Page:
Who are the largest investors in U.S. medical and health R&D?

A key contentious issue in the global narrative on drug pricing is the source of R&D. Where exactly are research and development dollars coming from? 

Based on a recent report from @ResearchAmerica, the private sector has and continues to invest more than any other stakeholder in the United States, accounting for 67% of total spending in 2017, followed by the federal government at 22%. Total U.S. medical and health R&D spending was $182.3 billion. Private industry invested $121.8 billion, of which 80% was accounted for by the biopharmaceutical sector.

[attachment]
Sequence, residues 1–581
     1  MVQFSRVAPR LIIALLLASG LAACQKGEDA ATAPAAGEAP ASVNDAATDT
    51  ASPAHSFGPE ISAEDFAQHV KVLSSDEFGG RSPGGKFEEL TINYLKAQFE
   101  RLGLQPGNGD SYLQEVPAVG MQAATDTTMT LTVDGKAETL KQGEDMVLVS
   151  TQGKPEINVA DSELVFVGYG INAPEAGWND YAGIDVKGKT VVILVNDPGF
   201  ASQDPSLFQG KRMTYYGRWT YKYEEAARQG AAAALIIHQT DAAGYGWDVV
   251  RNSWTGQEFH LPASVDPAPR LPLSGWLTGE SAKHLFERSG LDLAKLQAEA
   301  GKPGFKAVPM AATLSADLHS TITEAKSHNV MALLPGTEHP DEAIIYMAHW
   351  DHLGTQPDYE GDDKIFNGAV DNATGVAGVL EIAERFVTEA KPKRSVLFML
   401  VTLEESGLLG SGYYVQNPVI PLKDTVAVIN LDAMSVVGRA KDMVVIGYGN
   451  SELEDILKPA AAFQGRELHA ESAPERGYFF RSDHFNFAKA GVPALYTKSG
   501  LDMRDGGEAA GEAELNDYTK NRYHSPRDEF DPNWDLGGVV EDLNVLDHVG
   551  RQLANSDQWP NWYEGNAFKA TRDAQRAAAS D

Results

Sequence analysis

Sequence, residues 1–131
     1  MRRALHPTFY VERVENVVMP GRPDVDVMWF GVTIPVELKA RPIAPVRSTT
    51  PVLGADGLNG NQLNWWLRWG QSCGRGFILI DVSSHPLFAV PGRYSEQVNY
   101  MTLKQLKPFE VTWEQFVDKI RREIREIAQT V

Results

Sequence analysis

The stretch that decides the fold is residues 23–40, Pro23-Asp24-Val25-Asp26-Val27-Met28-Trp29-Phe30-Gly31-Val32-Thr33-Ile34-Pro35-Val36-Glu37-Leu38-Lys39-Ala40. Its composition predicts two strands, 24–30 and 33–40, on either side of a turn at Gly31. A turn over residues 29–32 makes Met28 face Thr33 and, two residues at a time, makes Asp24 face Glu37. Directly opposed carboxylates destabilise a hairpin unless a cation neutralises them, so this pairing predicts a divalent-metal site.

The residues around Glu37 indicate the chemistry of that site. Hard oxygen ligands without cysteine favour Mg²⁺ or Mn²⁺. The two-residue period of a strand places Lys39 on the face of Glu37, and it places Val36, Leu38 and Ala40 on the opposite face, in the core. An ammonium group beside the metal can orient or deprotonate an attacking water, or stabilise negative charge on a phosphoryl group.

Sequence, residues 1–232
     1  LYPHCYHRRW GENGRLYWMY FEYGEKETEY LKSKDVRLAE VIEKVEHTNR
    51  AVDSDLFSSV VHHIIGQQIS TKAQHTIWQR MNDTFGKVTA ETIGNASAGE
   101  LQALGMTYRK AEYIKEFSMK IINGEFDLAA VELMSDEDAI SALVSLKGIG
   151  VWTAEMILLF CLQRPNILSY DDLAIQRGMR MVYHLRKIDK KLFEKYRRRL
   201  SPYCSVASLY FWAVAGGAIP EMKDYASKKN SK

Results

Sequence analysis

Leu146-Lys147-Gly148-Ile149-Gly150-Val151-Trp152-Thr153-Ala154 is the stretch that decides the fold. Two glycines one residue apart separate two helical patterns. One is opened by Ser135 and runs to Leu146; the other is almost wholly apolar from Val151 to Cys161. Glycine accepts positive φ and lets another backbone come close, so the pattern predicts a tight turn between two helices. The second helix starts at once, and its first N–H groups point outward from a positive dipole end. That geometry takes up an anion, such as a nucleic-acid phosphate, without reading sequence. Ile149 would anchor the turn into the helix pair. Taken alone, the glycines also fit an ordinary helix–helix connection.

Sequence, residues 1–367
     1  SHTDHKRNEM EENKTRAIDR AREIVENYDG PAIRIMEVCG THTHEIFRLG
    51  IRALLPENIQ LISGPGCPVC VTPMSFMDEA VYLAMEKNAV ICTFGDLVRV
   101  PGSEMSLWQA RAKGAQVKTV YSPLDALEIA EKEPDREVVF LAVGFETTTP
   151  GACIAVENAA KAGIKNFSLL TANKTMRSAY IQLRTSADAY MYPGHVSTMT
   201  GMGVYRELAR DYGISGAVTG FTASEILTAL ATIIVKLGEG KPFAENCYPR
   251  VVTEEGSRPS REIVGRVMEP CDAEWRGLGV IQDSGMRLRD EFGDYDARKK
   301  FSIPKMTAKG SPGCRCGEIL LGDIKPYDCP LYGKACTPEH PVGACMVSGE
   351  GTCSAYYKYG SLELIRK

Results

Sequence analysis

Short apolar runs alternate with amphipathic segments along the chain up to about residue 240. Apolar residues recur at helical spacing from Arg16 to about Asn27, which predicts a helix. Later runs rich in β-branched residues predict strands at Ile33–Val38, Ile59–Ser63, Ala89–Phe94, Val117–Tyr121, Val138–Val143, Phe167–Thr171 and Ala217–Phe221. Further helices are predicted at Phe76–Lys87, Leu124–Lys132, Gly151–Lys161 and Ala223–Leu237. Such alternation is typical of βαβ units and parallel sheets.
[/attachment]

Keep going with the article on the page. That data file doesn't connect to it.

Federal agencies invested a total of $39.5 billion, with the National Institutes of Health (NIH) accounting for nearly $32.4 billion or 82.1% of federal spending.

The drug industry outspends the NIH by three-folds.

However, NIH funding has contributed to published research associated with every one of the 210 new drugs approved by the US FDA from 2010–2016. More than 90% of NIH funding represents basic research related to the biological targets for drug action rather than the drugs themselves. 

The role of NIH funding has complemented industry research and development, which focuses predominantly on applied research. This underscores the breath and significance of public and private collaboration in the development of new medicines. 

 

 

 

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